Although French people, for the most part, did not eat potatoes during most of the 18thC, considering them to be food for pigs or the English, "the generally accepted story is that a French army officer named, Antoine-Auguste Parmentier, an Economist, was imprisoned in Hamburg during the Seven Year’s War (1756-63), and got used to eating potatoes. Returning to France, he persuaded King Louis XVI to eat them, and his wife, Marie Antoinette, to wear potato flowers on her dress. Potatoes then became so fashionable (c.1787) that even now French dishes containing potatoes are called Parmentier." Thomas Jefferson brought home recipes from his diplomatic sojourn in Paris for potatoes to be served in the "French manner," generally believed to be French fries. Soon, a national dish of Quebec was known as Tourtiere, and is basically meat and potatoes baked in a crust.
Pâte Brisée or enough short pastry dough for two crusts
Parboiled sliced potatoes
Either shredded,precooked meat or raw ground beef [turkey, chicken, venison or veal]
2 slices bacon [turkey], diced or minced
Oil or fat
Roll out pye dough and place half in deep pye dish. Reserve other half under cover. Add a bit of oil to spider [cast iron skillet on three legs with a long handle] and fry onions, celery and garlic until golden along with browning ground beef and bacon, or add cooked, shredded beef. Season with 1/2 teas rubbed sage and 1/2 teas ground allspice and salt and pepper to taste. Remove from heat and cool slightly; then pour onto bottom of pye crust. Cover with a layer of precooked, sliced potatoes.
Take oil or fat and make a roux with flour in your spider to take advantage of the drippings and flavor. Add milk to make a béchamel or white sauce. Season with 1/2 teas nutmeg and salt and white pepper to taste. Pour over potatoes in pye shell. Cover with top crust, seal edges and brush with milk. Cut a vent hole for steam in the middle of the pie and bake in a hot oven until done [450ºF for 15 minutes and 350ºF for 30 minutes more].
Friday, December 10, 2004
Umm, cardamom, allspice and nutmeg--all say apples to me. In accepting Zarah's challenge of Spices for Sugar High Friday and after reading Pascale's post on steamed puddings I decided to try a steamed apple pudding, redolent of spices, butter and molasses.
In Diderot's Encyclopédie many types of cookware are displayed. One is the charlotte mold with lid--this is the ideal baking pan to use for steaming. I butter the inside of my charlotte pan and shake sugar on it instead of flour--this gives a more pleasing brown to the outside of the steamed pudding--which sometimes can be somewhat peaked.
Pudding ingredients: cut up three pealed apples very finely and stir them into 1/3 cup melted butter, 3/4 cup molasses (I actually used a mixture of sorghum and molasses) and 1 beaten egg. Into this stir 2 1/2 cups flour, 1/4 teas salt, 1 teas cinnamon, 1/4 teas cardamom, 1/4 teas nutmeg, 1/4 teas allspice and 1 1/2 teas soda (not available to 18thC cooks). Spoon this mixture into the sugared charlotte mold and cut a piece of buttered paper to fit over the top of the pudding.
Now, place the lid on the mold and tie the cover to the pan through and around the handles.
Set a trivet into the larger steamer kettle
and lower your mold down onto the trivet. Pour boiling water into the steamer halfway up the charlotte mold sides;
place the lid on the steamer and set onto the fire. Bank coals and ashes around and keep a supply of boiling water handy in your teakettle to replenish the water level as needed. Boil for 1 1/2 hours. Remove the mold from the steamer and let sit for a few minutes. Take off the lid and peel away the paper.
Run a knife around the edge of the mold and invert onto a serving plate. Serve with a sabayon sauce.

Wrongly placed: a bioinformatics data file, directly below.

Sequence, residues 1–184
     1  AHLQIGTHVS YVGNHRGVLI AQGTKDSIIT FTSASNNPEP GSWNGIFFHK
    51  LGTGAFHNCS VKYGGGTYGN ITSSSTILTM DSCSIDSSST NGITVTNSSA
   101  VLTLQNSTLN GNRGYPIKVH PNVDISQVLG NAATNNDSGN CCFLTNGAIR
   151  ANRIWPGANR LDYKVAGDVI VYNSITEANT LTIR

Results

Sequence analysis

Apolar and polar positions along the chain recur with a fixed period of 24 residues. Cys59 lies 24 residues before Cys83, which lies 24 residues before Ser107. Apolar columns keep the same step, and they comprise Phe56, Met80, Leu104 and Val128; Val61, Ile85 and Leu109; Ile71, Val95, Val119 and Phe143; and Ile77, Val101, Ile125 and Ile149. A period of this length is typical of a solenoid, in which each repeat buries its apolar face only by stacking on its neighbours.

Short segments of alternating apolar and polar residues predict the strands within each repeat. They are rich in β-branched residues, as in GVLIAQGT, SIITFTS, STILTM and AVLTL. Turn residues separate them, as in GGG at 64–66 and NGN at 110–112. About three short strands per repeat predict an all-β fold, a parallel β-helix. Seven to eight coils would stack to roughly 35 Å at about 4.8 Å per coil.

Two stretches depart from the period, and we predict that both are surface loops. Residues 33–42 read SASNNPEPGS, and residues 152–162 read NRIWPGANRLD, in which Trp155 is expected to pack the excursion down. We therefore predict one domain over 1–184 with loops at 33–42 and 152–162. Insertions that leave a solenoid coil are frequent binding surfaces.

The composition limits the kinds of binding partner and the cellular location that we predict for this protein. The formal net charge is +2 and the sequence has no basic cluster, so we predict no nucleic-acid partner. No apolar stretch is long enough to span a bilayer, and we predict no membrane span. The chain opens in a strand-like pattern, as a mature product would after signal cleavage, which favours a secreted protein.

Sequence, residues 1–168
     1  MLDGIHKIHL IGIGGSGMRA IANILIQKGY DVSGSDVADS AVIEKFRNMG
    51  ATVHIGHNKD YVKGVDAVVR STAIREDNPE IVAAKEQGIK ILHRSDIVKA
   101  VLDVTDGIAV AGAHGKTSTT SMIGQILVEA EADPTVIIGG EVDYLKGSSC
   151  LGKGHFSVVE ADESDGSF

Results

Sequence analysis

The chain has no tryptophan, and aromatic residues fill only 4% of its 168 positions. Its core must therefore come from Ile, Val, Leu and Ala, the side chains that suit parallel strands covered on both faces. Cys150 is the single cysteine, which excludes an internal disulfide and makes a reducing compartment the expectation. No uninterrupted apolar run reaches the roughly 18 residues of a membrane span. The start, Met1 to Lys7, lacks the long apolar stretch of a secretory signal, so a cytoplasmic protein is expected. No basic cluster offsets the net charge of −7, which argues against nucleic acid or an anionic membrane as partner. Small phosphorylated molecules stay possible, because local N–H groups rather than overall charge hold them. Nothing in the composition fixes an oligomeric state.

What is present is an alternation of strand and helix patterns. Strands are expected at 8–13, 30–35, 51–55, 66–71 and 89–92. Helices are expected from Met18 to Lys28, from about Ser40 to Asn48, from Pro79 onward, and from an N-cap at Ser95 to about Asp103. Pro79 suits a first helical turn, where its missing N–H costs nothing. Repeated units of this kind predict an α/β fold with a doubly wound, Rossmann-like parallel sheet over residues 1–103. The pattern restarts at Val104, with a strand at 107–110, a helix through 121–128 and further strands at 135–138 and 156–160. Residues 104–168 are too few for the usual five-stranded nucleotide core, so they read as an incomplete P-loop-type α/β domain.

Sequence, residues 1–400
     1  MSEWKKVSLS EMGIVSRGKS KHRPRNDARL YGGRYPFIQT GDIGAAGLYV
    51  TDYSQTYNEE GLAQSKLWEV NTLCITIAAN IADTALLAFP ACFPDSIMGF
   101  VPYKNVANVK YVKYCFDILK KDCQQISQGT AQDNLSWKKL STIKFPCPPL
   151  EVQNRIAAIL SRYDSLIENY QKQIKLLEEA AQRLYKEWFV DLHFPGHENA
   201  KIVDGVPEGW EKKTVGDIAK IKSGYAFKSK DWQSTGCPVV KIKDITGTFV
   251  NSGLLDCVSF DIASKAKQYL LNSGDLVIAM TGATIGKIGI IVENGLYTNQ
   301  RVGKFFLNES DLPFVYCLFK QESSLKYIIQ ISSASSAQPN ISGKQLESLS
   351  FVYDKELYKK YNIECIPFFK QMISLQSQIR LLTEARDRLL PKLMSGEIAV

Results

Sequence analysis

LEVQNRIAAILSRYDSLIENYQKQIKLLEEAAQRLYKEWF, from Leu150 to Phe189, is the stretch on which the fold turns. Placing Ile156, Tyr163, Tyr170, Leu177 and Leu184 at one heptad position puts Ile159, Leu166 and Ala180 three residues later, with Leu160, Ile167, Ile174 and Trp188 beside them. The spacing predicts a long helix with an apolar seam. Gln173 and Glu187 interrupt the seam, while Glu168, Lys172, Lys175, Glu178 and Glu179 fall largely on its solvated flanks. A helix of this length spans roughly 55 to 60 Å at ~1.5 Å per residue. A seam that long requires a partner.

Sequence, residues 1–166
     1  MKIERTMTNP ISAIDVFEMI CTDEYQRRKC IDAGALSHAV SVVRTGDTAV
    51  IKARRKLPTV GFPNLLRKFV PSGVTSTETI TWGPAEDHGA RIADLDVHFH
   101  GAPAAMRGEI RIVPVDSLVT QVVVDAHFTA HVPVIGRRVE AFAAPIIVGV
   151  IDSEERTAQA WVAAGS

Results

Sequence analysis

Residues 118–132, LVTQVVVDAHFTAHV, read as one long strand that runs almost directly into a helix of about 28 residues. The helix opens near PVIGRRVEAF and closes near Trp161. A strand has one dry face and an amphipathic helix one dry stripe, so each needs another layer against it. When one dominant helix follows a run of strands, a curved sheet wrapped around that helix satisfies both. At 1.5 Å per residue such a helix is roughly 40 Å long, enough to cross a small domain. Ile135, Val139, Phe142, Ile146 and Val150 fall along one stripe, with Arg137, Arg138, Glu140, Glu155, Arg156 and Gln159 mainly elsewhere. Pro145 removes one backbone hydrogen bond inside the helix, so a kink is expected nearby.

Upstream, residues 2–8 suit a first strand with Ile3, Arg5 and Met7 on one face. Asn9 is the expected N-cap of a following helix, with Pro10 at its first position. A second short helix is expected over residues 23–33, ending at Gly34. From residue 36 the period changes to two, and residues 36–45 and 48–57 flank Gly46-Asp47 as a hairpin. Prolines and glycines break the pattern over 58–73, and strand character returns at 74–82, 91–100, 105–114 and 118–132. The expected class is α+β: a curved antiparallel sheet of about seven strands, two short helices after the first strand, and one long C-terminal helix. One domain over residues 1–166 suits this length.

Sabayon: 1 egg yolk, 1/4 cup sugar, 1/4 cup Marsala (I used Vin Noix [walnut wine]) Whip over a boiling water bath (Bain Marie) until thick. Serve over pudding slices.
Pudding recipe adapted from Ladies Home Journal Dessert Cookbook, edited by Carol Truax, Doubleday, 1964, p. 152.
Sunday, December 05, 2004
Squash in Almond Crust
with Spicy Applesauce
This is my entry for the first ever Paper Chef Event - December 2004, sponsored by Owen at Tomatilla, which will continue each first Friday. We were given 4 ingredients on Friday and had to come up with an entry by noon on Sunday using cilantro (or its seed coriander), ginger, almonds, and winter squash.
Crush 12 almonds, 1 Tabls. brown sugar, 1 pinch salt, and 1/2 teas. powdered ginger. Peel and slice the neck area of a butternut squash into 1/4" slices. Press each slice into the crushed nut mixture and fry in butter over a slow fire in your spider. Turn each slice once as soon as it is golden brown. Remove to a serving plate and keep warm.
Grind 2 peeled and cored apples into bits with a sprinkle of crushed cinnamon and coriander seed. Pour mixture into the spider and stir to deglaze the pan, adding a bit more butter for gloss. Spoon spiced applesauce over squash slices and serve with sausages or roast fowl.
The crunchy texture of the fried nut coating contains the soft squash and the citrusy tang and aroma of the coriander in the applesauce finishes the dish just right. My DH (dear husband), who is a meat and potatoes man, said it was good enough to serve to company--high praise indeed.
Wednesday, December 01, 2004
The snow clouds are gathering off to the north, but the day is sunny and cold. It's time to gather sumac before migrating flocks of cardinals and waxwings eat them all. Staghorn sumac grows all over the rocky knoll where I live overlooking Lake Huron--unlike other plants, it likes the dry, sandy soil. Sumac is also known as the vinegar tree and a European variety is widely used in Mediterranean cuisine, both as a garnish and a ground spice.
Native Americans and early settlers to America used sumac for medicinal purposes, but today I will gather it to make a refreshingly tart drink, not unlike a pink lemonade. I will dry some, hanging it from the eaves for later consumption, either as a drink, or to add piquancy to my cooking.
To make a drink, you can either soak it overnight in cool water for a light taste, or bring it to a boil and steep it to obtain a stronger solution. Then it must be strained through cheesecloth or a strainer to remove the hairs and stray berries. Add sugar to taste for a drink, or bottle some to use as you would vinegar. À votre santé!